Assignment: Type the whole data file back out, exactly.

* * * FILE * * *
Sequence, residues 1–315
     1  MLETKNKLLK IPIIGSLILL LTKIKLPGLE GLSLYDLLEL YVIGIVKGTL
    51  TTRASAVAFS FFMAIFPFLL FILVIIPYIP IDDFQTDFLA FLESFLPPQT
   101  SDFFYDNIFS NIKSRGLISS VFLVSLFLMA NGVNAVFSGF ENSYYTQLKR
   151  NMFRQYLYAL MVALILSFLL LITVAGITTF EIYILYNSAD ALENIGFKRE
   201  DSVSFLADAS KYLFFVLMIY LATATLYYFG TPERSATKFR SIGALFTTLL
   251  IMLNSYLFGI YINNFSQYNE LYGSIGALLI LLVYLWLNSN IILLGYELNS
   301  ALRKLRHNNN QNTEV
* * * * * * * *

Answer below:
Sequence, residues 1–315
     1  MLETKNKLLK IPIIGSLILL LTKIKLPGLE GLSLYDLLEL YVIGIVKGTL
    51  TTRASAVAFS FFMAIFPFLL FILVIIPYIP IDDFQTDFLA FLESFLPPQT
   101  SDFFYDNIFS NIKSRGLISS VFLVSLFLMA NGVNAVFSGF ENSYYTQLKR
   151  NMFRQYLYAL MVALILSFLL LITVAGITTF EIYILYNSAD ALENIGFKRE
   201  DSVSFLADAS KYLFFVLMIY LATATLYYFG TPERSATKFR SIGALFTTLL
   251  IMLNSYLFGI YINNFSQYNE LYGSIGALLI LLVYLWLNSN IILLGYELNS
   301  ALRKLRHNNN QNTEV